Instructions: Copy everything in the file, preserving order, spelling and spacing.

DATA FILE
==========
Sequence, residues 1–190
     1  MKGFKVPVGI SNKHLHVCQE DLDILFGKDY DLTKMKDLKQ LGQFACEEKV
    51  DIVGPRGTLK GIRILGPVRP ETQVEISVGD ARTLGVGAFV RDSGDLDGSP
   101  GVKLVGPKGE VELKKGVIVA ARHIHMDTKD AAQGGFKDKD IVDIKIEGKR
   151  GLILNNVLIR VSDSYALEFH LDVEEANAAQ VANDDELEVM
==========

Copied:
Sequence, residues 1–190
     1  MKGFKVPVGI SNKHLHVCQE DLDILFGKDY DLTKMKDLKQ LGQFACEEKV
    51  DIVGPRGTLK GIRILGPVRP ETQVEISVGD ARTLGVGAFV RDSGDLDGSP
   101  GVKLVGPKGE VELKKGVIVA ARHIHMDTKD AAQGGFKDKD IVDIKIEGKR
   151  GLILNNVLIR VSDSYALEFH LDVEEANAAQ VANDDELEVM